Pesticides have an indispensable position in agricultural production and can improve the productivity and profitability of agricultural products (Yao et al., 2021). As a highly effective phenylpyrazole insecticide, fipronil (CAS Number 120068-37-3) was invented by May and Baker in 1987 and entered the Chinese market in 1993 (Li et al., 2014; Liu et al., 2008), and can be used to control a wide range of pests, such as leaf-cutting ant, fire ant, and Spodoptera litura (Mota et al., 2021; Hano et al., 2019; Jameel et al., 2019). Fipronil is known to target the gamma amino butyric acid (GABA) receptor, thereby blocking the chloride channels in the neurons of the central nervous system (CNS), which leads to excessive neuronal stimulation and, eventually, the death of the pests (Kumar et al., 2012; Li et al., 2007; Ikeda et al., 2004).
Due to the broad spectrum and high efficiency, fipronil has increased in popularity during the past few decades (Regan et al., 2017; Mandal et al., 2013). However, the environmental impact of fipronil has always received great attention because of its strong toxicity to some non-target organisms (Kasai et al., 2016; Morrissey et al., 2015; Pisa et al., 2015). Previous studies have reported that fipronil can significantly change the physiological and biochemical characteristics of fishes (Clasen et al., 2012; Hayasaka et al., 2012). Although the European Union has banned the use of fipronil in crops, it is still often used in crops such as sugarcane and citrus in some countries (Farder-Gomes et al., 2021). A recent study has shown that more than 480 million bees died in three months, possibly due to fipronil exposure in Brazil (Castilhos et al., 2019). It is expensive and difficult to develop a novel insecticide. Therefore, an alternative efficient strategy is to research and find ways to reduce the toxicity of fipronil to non-target organisms.
Properly modifying the structure of pesticides can change the toxicity and systemic properties of the pesticides, and the glycosylation of pesticide plays an irreplaceable role in looking for targeting carriers and reducing toxicity and side effects (Duhan et al., 2015). Early on, our group has synthesized a novel conjugate of the insecticide fipronil which containing a glucose moiety (Fig. 1). It is proved that the permeability and water solubility of glucose-fipronil is better than fipronil, and glucose-fipronil has better mobility in the sieve tubes of Ricinus communis L. seedlings (Yang et al., 2011). Subsequently, Wu et al. found that the transport mechanism of glucose-fipronil in the phloem of R. communis, their study showed that the transport of glucose-fipronil in the phloem was relate to monosaccharide transporters (Wu et al., 2021). In a recent paper, Wen et al. indicated that glucose-fipronil also has good insecticidal activity against Plutella xylostella, a target pest in cruciferous plants (Wen et al., 2018). Furthermore, the current focus of our research is to study whether fipronil could reduce its toxicity to non-target organisms after glycosylation, as this would provide important references for the application of glucose-fipronil.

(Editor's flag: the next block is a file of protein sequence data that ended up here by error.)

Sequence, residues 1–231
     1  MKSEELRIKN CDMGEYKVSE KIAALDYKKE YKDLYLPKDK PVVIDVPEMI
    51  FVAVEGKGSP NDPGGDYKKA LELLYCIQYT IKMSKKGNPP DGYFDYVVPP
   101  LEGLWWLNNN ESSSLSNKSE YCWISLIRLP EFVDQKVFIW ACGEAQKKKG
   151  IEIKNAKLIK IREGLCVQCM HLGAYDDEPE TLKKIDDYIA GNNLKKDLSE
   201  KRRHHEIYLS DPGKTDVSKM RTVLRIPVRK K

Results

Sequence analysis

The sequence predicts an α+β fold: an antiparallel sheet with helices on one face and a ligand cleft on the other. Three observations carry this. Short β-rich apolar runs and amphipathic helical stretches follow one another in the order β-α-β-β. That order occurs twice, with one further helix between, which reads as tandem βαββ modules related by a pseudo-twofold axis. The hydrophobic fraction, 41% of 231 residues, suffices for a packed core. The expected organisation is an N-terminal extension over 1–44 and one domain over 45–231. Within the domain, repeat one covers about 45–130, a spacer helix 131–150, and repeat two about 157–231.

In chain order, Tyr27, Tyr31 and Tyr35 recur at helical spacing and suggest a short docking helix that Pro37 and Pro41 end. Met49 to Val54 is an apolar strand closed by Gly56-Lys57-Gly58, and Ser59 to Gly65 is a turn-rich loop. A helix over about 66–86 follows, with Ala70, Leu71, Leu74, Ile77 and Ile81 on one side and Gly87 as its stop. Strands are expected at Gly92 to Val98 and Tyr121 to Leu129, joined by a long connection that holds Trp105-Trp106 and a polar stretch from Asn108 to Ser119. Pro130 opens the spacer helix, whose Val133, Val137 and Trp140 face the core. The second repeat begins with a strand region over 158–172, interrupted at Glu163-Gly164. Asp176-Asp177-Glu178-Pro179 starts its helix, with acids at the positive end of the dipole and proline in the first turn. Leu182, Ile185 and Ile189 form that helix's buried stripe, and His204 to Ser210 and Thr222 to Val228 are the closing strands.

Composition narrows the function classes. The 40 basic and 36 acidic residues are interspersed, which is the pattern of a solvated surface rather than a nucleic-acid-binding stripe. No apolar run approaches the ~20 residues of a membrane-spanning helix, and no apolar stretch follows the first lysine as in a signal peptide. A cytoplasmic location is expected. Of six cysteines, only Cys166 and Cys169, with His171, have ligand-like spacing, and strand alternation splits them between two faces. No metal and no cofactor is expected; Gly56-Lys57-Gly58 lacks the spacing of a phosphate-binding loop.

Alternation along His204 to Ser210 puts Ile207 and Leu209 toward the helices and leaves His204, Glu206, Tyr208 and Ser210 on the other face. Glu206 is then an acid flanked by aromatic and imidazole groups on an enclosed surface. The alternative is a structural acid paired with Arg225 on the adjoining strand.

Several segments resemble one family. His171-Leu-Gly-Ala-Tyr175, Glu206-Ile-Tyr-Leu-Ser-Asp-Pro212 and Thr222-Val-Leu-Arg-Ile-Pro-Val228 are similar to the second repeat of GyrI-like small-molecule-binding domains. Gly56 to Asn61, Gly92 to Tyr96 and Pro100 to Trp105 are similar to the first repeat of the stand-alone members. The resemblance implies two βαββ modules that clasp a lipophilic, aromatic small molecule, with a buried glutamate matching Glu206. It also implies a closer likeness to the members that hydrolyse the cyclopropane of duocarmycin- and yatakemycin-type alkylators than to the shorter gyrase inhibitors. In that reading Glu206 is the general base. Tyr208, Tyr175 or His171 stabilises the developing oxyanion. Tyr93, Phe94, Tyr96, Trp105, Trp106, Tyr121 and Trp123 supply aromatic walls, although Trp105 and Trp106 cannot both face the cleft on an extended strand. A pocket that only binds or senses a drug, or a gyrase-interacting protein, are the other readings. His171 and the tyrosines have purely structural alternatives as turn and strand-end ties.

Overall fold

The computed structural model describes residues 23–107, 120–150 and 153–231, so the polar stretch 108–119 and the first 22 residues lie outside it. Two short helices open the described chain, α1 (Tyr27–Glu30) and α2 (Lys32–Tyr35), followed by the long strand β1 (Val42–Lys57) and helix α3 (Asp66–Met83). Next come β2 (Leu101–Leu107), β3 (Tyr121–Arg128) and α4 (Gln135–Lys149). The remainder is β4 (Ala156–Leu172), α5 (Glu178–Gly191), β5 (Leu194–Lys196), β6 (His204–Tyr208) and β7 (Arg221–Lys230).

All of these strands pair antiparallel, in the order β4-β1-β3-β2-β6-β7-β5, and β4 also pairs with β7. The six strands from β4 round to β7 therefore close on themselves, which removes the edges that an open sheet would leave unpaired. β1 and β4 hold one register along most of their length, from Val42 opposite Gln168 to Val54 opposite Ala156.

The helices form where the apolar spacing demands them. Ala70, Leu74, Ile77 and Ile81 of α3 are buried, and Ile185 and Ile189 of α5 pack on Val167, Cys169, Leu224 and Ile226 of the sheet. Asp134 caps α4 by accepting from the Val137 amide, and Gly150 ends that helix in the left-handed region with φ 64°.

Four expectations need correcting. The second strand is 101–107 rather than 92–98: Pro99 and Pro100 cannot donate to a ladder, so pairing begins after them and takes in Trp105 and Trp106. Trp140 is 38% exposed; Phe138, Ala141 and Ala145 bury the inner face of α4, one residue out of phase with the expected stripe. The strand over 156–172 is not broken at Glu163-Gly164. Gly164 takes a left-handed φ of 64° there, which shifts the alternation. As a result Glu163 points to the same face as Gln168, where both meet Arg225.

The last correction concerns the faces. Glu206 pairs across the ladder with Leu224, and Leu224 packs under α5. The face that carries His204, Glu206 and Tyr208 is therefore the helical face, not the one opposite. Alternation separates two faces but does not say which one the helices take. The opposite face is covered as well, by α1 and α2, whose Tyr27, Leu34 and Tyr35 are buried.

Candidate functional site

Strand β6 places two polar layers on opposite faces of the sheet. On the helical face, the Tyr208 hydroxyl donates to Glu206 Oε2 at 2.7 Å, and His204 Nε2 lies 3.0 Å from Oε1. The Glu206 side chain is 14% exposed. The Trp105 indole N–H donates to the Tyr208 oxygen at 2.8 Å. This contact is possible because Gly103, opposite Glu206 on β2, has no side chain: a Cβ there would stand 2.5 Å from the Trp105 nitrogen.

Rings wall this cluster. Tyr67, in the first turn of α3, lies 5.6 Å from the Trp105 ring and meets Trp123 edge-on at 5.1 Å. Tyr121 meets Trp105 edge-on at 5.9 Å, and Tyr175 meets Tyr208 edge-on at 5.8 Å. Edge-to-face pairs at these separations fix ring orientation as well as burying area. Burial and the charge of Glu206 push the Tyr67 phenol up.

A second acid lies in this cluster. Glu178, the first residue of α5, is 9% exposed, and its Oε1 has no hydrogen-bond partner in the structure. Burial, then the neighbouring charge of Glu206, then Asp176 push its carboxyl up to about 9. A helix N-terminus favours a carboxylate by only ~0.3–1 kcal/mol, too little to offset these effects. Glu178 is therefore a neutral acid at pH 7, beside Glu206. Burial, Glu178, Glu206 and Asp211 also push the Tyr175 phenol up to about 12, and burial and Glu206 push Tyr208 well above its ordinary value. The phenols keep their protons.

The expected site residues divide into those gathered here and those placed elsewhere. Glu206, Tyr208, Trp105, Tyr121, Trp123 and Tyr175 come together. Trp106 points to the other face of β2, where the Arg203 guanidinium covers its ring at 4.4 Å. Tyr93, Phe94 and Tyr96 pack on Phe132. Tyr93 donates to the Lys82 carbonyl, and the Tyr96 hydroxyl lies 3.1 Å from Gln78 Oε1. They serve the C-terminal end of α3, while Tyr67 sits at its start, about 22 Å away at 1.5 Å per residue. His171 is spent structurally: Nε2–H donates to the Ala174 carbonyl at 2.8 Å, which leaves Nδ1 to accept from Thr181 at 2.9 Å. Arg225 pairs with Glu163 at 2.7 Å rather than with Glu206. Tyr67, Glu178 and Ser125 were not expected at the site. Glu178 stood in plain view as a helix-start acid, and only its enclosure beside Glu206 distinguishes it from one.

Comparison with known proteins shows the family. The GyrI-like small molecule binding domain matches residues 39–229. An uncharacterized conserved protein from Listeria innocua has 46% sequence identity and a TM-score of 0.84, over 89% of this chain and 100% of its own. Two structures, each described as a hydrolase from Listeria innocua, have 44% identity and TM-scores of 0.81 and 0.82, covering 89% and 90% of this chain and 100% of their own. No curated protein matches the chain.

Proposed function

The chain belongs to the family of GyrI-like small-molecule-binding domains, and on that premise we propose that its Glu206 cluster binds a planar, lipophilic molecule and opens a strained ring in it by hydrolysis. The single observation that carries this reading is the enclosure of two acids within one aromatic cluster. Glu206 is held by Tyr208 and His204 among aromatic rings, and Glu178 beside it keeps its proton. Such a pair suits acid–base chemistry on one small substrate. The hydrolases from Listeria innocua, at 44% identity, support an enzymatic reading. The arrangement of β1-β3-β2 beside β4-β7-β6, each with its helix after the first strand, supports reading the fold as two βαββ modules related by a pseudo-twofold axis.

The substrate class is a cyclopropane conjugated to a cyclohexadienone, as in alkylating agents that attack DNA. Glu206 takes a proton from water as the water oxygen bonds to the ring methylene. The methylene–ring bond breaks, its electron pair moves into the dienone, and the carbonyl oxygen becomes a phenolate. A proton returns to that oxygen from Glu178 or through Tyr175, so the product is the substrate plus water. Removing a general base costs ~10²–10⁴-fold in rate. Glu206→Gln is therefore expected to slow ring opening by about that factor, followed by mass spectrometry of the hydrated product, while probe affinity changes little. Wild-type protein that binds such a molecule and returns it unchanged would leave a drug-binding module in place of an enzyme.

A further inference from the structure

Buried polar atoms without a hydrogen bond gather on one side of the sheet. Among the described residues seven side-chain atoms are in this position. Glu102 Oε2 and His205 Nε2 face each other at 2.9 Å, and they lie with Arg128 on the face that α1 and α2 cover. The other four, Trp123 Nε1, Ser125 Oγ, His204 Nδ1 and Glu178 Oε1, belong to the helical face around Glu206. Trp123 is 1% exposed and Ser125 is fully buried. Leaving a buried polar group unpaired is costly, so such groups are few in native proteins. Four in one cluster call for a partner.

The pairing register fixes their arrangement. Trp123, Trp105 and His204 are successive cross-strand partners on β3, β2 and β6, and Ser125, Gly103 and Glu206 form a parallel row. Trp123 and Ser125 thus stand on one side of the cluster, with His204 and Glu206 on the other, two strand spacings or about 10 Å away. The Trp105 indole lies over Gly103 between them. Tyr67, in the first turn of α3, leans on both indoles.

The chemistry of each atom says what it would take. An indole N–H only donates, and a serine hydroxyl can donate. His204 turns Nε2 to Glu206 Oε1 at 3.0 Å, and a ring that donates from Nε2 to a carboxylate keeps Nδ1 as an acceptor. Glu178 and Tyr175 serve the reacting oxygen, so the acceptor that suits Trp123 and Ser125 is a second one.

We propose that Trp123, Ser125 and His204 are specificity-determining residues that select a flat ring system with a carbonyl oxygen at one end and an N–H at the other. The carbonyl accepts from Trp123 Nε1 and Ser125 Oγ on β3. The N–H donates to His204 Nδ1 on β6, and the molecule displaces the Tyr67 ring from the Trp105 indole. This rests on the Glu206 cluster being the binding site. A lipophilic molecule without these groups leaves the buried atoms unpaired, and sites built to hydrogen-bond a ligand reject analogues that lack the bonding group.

Large scale use and higher doses of pesticides lead to adverse effects on the non-target organisms, pesticide residues in food, toxic effects on human beings and environmental pollution (Kumar et al, 2012). It is well recognized that there are risks attached to the consumption of pesticide-treated crops because of the presence of residues on them. Therefore, rational recommendation of a pesticide requires that it must not only provide an effective control of pests, but at the same time its residues on the other beneficial organisms and humans must be toxicologically acceptable (Kumar et al, 2013). Earthworms (Eisenia foetida) are widely distributed and frequently dominant in freshwater benthic communities (Palacios et al., 2010). As a representative organism used in the bioassay of the soil system, E. foetida plays an important role in ecological assessment, especially in the bioaccumulation of chemicals and heavy metals (Ciutat et al., 2005; Pasteris et al., 2003). In China, fipronil is mainly used as a seed-coating preparation for agricultural purposes to control soil pests (Qin et al., 2015). Like other agrochemicals, fipronil can enter into soil and aquatic system via direct spraying, rain wash and surface runoff (Chandler et al, 2010). When taking benthic organisms into consideration which use sediment and organic matter as a food resource and habitat, the increase of fipronil in sediment may bring greater risk (Chandler et al, 2010). Meanwhile benthic organisms may accumulate these sediment-associated chemicals and then pose a risk to higher trophic level organisms via food chain and help these compounds input into environment again through bioturbation (Liu et al, 2012).
In this research, methods for extraction, cleaning, and detection of fipronil and glucose-fipronil in earthworm tissue and soil were developed. In order to determine the toxic change of fipronil to worms after glycosylation, two types of uptake kinetics were examined and compared resulting from fipronil and glucose-fipronil treatment in worms and soil, respectively. And the effects of adding phlorizin on the accumulation of fipronil and glucose-fipronil in worms and soil were studied to determine whether the transport of glucose-fipronil was related to monosaccharide transporters.